In the command processors COMMAND.COM (DOS) and CMD.EXE (OS/2 and Windows), %1, %2,... stand for the first, second,... parameters of a batch file. %0 stands for the specification of the batch file itself as typed on the command line. The % sign is also used similarly in the FOR command. %VAR1% represents the value of an environment variable named VAR1. Thus: set PATH=c:\;%PATH% sets a new value for PATH, that being the old value preceded by "c:\;". Because these uses give the percent sign special meaning, the sequence %% (two percent signs) is used to represent a literal percent sign, so that: set PATH=c:\;%%PATH%% would set PATH to the literal value "c:\;%PATH%".

In the C Shell, % is part of the default command prompt.

In linguistics edit

In linguistics, the percent sign is prepended to an example sentence or other string to show that it is judged well-formed (grammatical) by some speakers and ill-formed by others. This may be due to differences in dialect or even individual idiolects.[36][37] This use is similar to those of the asterisk to mark ill-formed strings, the question mark to mark strings where well-formedness is unclear, and the number sign to mark strings that are syntactically well-formed but semantically or pragmatically nonsensical.

See also edit

Reference notes edit

Notes edit

  1. ^ "Guardian and Observer style guide: P". The Guardian. 30 April 2021. Archived from the original on 28 December 2019. Retrieved 16 March 2023.
  2. ^ "The Chicago Manual of Style". University of Chicago Press. 2003. Archived from the original on 5 January 2009. Retrieved 5 January 2007.
  3. ^ Publication Manual of the American Psychological Association. 1994. Washington, DC: American Psychological Association, p. 114.
  4. ^ Merriam-Webster's Manual for Writers and Editors. 1998. Springfield, MA: Merriam-Webster, p. 128.
  5. ^ Jenkins, Jana et al. 2011. The IBM Style Guide: Conventions for Writers and Editors. Boston, MA: Pearson Education, p. 162.
  6. ^ Covey, Stephen R. FranklinCovey Style Guide: For Business and Technical Communication. Salt Lake City, UT: FranklinCovey, p. 287.
  7. ^ Dodd, Janet S. 1997. The ACS Style Guide: A Manual for Authors and Editors. Washington, DC: American Chemical Society, p. 264.
  8. ^ "SI Brochure". International Bureau of Weights and Measures. 2006. Archived from the original on 21 March 2019. Retrieved 5 May 2016.
  9. ^ "The International System of Units" (PDF). International Bureau of Weights and Measures. 2006. Archived (PDF) from the original on 13 March 2020. Retrieved 6 August 2007.
  10. ^ "Quantities and units – Part 0: General principles". International Organization for Standardization. 22 December 1999. Archived from the original on 29 May 2007. Retrieved 5 January 2007.
  11. ^ "Internetová jazyková příručka". Ústav pro jazyk český Akademie věd ČR. 2014. Archived from the original on 14 February 2015. Retrieved 24 November 2014.
  12. ^ "Jazyková poradna ÚJČ AV ČR: FAQ". Ústav pro jazyk český Akademie věd ČR. 2002. Archived from the original on 19 April 2002. Retrieved 16 March 2009.
  13. ^ "Jazyková poradňa". Petit Press, a.s. 2013. Archived from the original on 21 February 2009. Retrieved 26 October 2019.
  14. ^ "Kielikello 2/2006". kotus.fi. Kotimaisten kielten keskus. 2006. Archived from the original on 1 May 2015. Retrieved 30 June 2015.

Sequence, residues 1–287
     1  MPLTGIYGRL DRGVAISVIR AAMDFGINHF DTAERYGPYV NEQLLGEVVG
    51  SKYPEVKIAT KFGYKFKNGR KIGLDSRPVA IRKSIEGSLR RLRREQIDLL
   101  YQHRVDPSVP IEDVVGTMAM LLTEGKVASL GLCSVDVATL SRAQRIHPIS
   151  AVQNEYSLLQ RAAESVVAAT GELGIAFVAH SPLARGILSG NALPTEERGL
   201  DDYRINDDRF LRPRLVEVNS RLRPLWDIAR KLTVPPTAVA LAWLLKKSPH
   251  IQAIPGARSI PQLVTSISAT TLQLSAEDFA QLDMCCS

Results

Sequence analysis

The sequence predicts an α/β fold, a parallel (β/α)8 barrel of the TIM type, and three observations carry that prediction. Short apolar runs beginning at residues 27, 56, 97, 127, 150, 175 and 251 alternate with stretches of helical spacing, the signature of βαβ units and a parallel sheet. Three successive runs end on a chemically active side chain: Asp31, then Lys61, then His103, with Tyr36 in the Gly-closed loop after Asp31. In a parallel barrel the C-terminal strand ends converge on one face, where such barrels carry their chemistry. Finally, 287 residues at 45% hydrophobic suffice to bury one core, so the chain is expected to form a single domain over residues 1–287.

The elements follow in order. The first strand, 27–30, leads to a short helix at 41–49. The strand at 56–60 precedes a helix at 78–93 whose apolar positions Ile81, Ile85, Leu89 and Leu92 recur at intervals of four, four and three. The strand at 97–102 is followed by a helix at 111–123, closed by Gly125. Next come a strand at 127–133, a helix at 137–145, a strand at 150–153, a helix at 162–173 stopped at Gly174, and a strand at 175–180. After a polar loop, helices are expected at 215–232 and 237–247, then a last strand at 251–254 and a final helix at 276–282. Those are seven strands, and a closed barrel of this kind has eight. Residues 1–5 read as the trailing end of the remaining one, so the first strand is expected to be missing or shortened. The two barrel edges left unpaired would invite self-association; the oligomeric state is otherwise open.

15. ^ Guide des principales règles typographiques (PDF). Université Joseph-Fourier. Archived (PDF) from the original on 3 March 2016. Retrieved 8 June 2022.
  16. ^ André, Jacques. Petites leçons de typographie (PDF). Rennes: Institut de recherche en informatique et systèmes aléatoires. p. 34. Archived (PDF) from the original on 20 January 2011. Retrieved 8 June 2022.
  17. ^ "El % se escribe separado de la cifra a la que acompaña". fundeu.es. Fundeu. 2012. Archived from the original on 24 November 2021. Retrieved 24 November 2021.
  18. ^ "Normas particulares de estilo". colmex.mx. Colegio de México. 2020. Archived from the original on 10 May 2022. Retrieved 5 April 2022.
  19. ^ "¿En un texto, es correcto usar el signo de porcentaje o tiene que escribirse por ciento?". academia.org.mx. Academia Mexicana de la Lengua. 2020. Archived from the original on 6 February 2023. Retrieved 5 April 2022.
  20. ^ "procentteken (spatie)". www.vlaanderen.be (in Dutch). Archived from the original on 27 November 2021. Retrieved 27 November 2021.
  21. ^ American Economic Review: Style Guide Archived 2007-12-25 at the Wayback Machine
  22. ^ "UNC Pharmacy style guide". Archived from the original on 12 June 2007. Retrieved 16 October 2007.
  23. ^ "University of Colorado style guide". Archived from the original on 2 November 2007. Retrieved 16 October 2007.
  24. ^ Smith 1898, p. 437
  25. ^ Letter p. Archived 18 April 2009 at the Wayback Machine / Cappelli, Adriano: Lexicon Abbreviaturarum Archived 8 May 2015 at the Wayback Machine. 2. verb. Aufl. Leipzig 1928. Wörterbuch der Abkürzungen: P. pages 256–257
  26. ^ Smith 1898, pp. 439-440
  27. ^ Smith 1898, p. 441
  28. ^ Smith 1898, p. 440
  29. ^ Smith 1925, Vol. 2, p. 250 in Dover reprint of 1958, ISBN 0-486-20430-8
  30. ^ HTML5 is the only version of HTML that has a named entity for the percent sign, see https://www.w3.org/TR/html4/sgml/entities.html Archived 1 April 2018 at the Wayback Machine ("The following sections present the complete lists of character entity references.") and https://www.w3.org/TR/2014/CR-html5-20140731/syntax.html#named-character-references Archived 5 August 2017 at the Wayback Machine ("percnt;").
  31. ^ Thompson, Ken (1996). "Users' Reference to B". Archived from the original on 6 July 2006.
  32. ^ "2.7.1 Single Line Comments". GNU. Archived from the original on 20 July 2018. Retrieved 20 July 2018.
  33. ^ "Python 2 – String Formatting Operations". Archived from the original on 4 November 2015. Retrieved 28 October 2015.
  34. ^ "Python 3 – printf-style String Formatting". Archived from the original on 14 June 2020. Retrieved 28 October 2015.
  35. ^ "Ruby – String#%". Archived from the original on 8 October 2011. Retrieved 28 October 2015.
  36. ^ Trask, R. L. (1993). A Dictionary of Grammatical Terms in Linguistics. London: Routledge. p. 203. ISBN 0-415-08627-2.
  37. ^ Crystal, David (2008). A Dictionary of Linguistics and Phonetics (6th ed.). Cambridge: Cambridge University Press. p. 355. ISBN 978-1-4051-5296-9.

References edit